Of all my favorite short walks in Iceland, one of the best lies along the coastal cliffs from Anarstappi to Hellnar. Our overnight stay in the Borgarnes Hostel across the street from the Settlement Center had been surprisingly comfortable. It doesn’t look like much from the outside, but the inside was clean and the beds fresh. We’d breakfasted on the wonderful sweet rye bread of Iceland, toasted, with fresh fruit and herbal tea.
The brisk morning wind felt invigorating as we set out for the Snaefellesnes Peninsula in West Iceland. As we began our walk along the coastline at Anarstappi, the ocean far below crashed against the cliffs, with clouds scudding in from the southwest, but we felt ready for anything that morning.
Cliff’s edge from Anarstappi to Hellnar
We parked at Arnarstappi and surveyed with bemused curiosity the troll-like arch that initiates the hike (see “Black Rocks, Lava Tubes, and Moonscapes”). Initially the path was well-groomed, but it soon gave way to what many thousands of feet have done to the soft turf. The hike may have been easy at one time, but the soft underfooting has been worn away to expose rocks and mud. I definitely wished I’d been wearing my hiking boots instead of my runners.
We saw whales in the distance and tried to get a close-up when they breached, but all you can really see is some white disturbance in the water.
We picked and ate the crowberries growing wild on the hillside. The rainy morning had washed them clean. They were a very mild, slightly sweet flavor with a fairly seedy texture. It would take a long time to get full! They reminded me a little of the Canadian wild saskatoon berries.
About three-quarters of the way to Hellnar, my youngest daughter offered to run back along the trail to Anarstappi in order to pick up the car and drive to Hellnar to meet us.
As my other daughter and I approached the Hellnar end of the hike, we came to a little house in a cove that served as a lunchroom. We wanted to take in the view and I needed to rest my bones, but the small room was completely stuffed with bodies, the five or six tables filled. So, we continued on up the trail onto a raised wooden path, and finally to the parking lot.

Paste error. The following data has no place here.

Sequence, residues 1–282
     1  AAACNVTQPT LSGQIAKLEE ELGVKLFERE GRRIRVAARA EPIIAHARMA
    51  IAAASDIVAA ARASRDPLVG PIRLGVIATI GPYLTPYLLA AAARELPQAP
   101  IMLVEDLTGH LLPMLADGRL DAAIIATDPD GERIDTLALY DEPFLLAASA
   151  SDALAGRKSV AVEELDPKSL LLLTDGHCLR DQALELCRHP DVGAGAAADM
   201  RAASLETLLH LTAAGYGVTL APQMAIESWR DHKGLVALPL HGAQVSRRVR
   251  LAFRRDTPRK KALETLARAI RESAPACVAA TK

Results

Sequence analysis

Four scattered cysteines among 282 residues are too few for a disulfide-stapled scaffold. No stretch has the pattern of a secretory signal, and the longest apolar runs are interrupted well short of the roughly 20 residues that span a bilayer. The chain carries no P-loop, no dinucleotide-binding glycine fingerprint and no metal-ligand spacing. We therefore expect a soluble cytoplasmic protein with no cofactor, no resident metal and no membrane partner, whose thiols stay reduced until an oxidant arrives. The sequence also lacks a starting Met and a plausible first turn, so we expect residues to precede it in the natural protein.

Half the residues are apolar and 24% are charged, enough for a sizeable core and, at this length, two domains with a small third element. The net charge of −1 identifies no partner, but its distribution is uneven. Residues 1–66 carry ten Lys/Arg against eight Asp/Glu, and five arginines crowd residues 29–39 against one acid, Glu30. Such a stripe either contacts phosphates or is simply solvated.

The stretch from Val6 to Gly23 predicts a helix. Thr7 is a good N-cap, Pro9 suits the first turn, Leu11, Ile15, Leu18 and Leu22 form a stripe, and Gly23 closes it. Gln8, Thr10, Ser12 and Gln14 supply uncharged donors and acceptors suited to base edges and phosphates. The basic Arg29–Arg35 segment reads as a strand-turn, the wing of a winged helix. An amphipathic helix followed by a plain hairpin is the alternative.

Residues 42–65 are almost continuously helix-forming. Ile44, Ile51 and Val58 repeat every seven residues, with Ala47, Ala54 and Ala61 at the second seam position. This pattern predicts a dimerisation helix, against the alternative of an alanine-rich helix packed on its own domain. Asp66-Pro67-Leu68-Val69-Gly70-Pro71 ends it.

Narrowly averted head-on collision
A few minutes later we saw my daughter pull up. She jumped out of the car in half-hysterics. I’d never seen her like that. Granted, she’s dramatic, but she’s never histrionic.
Apparently she had very narrowly averted a head-on collision. She had been driving up a hill and shifted into third gear to help our old rental car make it to the top. Suddenly, while navigating a hairpin turn near cliff’s edge, a car came wheeling toward her in the wrong lane. She had only seconds to act and dodged into the other lane. The move no doubt saved her life.
It’s hard not to ruminate on the “what ifs?” What if the other car had suddenly changed to the proper lane at the same time my daughter dodged into the oncoming traffic lane? What if she’d been a second too late? What if another car had come along in the correct lane just then? What if the cars had clipped each other and plummeted down the cliff to the ocean? You can’t think like that very long or it takes over your whole body.
Once the adrenalin levels had subsided all the way around, we wondered if the other driver had forgotten s/he wasn’t driving in the UK. When do you suppose they figured out they were driving on the wrong side of the road? How much panic did that driver cause other motorists that morning?
We found picnic tables along the coast, but the wind drove us back into the car to eat our lunch. We’re in love with skyr, by the way. Why the U.S. makes their yogurt so sweet baffles us. Skyr is perfect! We had camembert on big square seedy crackers, which was excellent.
Stone causeway to Sugandisey Island
Our second day on the Snaefellsnes Peninsula, we took a morning walk from Stykkisholmur across the stone causeway from the harbor to Sugandisey island. The wind tried to blow us off the hill, but we clung to the lighthouse and took photos. The weather had turned stormy and the play of light and dark in the sky changed from moment to moment.
Safely off the island, we wanted to see the Library of Water, a museum consisting of 24 glass pillars of water, but it had been closed for several weeks. Grr! Another reason to return to Iceland.